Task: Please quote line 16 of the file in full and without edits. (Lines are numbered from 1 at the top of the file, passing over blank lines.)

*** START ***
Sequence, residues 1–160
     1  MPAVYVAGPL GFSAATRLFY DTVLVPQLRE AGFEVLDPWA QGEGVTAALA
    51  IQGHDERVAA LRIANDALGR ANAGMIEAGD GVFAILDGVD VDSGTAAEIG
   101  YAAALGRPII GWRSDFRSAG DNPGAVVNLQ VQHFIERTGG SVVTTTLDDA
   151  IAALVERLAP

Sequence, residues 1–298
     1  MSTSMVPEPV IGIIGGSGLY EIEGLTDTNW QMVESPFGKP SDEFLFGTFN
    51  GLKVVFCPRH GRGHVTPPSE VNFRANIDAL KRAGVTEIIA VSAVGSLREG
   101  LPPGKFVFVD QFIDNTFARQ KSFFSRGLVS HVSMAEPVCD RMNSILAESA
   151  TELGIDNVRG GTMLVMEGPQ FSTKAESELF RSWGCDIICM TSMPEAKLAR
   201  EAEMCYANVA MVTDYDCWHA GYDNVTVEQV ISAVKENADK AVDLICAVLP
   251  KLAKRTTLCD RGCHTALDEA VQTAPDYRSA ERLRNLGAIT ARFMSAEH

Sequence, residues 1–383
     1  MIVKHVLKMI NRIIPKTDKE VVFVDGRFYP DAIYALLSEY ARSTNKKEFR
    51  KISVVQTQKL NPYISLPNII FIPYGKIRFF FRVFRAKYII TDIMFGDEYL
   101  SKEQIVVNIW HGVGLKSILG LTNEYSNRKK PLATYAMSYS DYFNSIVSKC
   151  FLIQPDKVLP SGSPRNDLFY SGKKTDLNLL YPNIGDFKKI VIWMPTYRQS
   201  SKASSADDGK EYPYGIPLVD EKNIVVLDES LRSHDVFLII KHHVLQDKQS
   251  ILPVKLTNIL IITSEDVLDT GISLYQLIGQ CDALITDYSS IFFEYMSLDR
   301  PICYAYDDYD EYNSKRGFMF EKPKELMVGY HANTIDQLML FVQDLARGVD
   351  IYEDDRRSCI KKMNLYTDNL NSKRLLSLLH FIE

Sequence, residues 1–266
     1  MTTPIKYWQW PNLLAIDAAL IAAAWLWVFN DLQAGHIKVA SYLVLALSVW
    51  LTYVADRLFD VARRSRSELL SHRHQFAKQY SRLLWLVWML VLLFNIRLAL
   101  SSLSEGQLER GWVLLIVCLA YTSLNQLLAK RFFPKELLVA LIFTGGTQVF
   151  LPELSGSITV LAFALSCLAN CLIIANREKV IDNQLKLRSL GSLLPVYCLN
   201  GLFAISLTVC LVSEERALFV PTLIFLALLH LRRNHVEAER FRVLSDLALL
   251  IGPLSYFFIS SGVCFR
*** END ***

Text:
   101  SKEQIVVNIW HGVGLKSILG LTNEYSNRKK PLATYAMSYS DYFNSIVSKC